concern. Such studies are designed to discern relationships between health effects and potential causes. In his recent review of environmental justice, Foreman asserts, "For environmental justice to contribute measurably to public health in low-income and minority communities, it would almost certainly have to stress an epidemiologic perspective … to a far greater extent than is currently the case" (Foreman, 1998, p. 70). Here, again, much of the research to date has been undertaken in occupational health. Two of the biggest challenges to an epidemiologic analysis of health effects are the existence of multiple exposures in the community of interest and the possibility that an adverse health outcome may have multiple determinants.
A community of concern may be exposed to multiple environmental hazards, which may act cumulatively or which may even interact in complex ways to magnify their risks to human health. Researchers have long recognized the need for knowledge about the separate and collective health effects of multiple chemicals (National Research Council, 1988). Recent research into the risks from mixtures has begun to provide some insight into the toxicological issues underlying the interactions of chemical and physical agents and the interactions of external exposures and chemotherapeutic drugs, as discussed in the recent report Interactions of Drugs, Biologics, and Chemicals in U.S. Military Forces (Institute of Medicine, 1996).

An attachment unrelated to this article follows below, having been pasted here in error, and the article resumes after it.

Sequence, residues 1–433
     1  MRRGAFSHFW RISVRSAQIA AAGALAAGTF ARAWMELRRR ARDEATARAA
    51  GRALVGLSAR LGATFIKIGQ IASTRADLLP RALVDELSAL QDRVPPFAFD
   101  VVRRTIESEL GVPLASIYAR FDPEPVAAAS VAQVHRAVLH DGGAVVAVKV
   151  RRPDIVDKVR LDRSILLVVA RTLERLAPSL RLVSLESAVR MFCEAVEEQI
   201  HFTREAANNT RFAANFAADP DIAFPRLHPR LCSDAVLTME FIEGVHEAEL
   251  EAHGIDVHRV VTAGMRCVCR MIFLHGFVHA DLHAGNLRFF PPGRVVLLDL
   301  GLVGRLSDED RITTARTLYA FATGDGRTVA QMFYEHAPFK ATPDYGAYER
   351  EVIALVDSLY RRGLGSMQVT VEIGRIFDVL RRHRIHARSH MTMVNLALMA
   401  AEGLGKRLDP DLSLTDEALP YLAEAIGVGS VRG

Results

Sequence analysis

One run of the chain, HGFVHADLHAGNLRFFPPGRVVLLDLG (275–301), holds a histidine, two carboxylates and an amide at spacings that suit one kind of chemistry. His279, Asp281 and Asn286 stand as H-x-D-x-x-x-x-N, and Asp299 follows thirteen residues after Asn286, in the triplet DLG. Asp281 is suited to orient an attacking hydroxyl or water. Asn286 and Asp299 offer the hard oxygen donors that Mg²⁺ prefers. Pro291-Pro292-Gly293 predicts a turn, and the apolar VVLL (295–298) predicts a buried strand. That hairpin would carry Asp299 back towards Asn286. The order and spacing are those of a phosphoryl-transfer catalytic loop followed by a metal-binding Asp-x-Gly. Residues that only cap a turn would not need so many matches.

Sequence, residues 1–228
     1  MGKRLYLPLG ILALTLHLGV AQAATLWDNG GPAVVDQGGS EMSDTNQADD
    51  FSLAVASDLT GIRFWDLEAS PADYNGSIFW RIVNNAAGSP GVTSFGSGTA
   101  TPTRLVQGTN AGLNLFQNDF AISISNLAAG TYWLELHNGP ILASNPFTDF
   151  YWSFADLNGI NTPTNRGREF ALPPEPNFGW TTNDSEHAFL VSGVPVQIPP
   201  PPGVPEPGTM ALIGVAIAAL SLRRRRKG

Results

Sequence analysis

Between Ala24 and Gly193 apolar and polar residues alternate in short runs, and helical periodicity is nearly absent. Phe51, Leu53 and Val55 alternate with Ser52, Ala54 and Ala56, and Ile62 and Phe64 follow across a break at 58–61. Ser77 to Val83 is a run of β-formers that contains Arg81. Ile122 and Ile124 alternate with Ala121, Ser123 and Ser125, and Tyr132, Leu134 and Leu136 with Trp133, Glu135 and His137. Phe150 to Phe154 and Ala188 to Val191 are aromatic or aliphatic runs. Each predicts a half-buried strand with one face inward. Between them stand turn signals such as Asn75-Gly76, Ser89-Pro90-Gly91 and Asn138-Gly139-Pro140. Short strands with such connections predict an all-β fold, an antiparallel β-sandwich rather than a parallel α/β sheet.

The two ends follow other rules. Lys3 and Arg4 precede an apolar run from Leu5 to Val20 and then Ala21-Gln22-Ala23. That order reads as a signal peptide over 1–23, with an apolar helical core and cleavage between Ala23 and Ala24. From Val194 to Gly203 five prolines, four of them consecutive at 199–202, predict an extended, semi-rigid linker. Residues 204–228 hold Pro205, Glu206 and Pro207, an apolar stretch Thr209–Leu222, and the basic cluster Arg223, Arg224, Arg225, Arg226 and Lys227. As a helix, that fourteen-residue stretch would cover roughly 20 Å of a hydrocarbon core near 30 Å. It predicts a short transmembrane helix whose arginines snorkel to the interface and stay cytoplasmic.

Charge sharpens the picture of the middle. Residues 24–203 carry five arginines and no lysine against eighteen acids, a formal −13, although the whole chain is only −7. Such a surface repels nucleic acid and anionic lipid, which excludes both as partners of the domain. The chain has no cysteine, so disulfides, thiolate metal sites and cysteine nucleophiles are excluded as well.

Research on multiple exposures has tended to focus on the occupational setting. It is important for new research, however, to take other settings into account, especially residential settings (see Box 3-1). Although it will never be feasible to study the health effects of every specific mixture that may occur because the possible number of combinations is very large, it should not be difficult to select those combinations that should be given priority because of their larger concentrations or greater likelihood of having toxic effects.
A given health condition identified in a community of concern may have several possible etiologies. A major challenge for conducting research on a population with a high prevalence of diseases with multiple causes, such as asthma, is to identify the important environmental determinants from the multiple other factors that affect that disease's expression in populations or individuals. Current models of exposure assessment do not adequately capture this type of interaction. Existing health or environmental exposure databases do not include information on all the relevant factors that need to be investigated to answer many of the research questions posed. Allergens, for example, are notably absent from the majority of environmental exposure databases. Even if a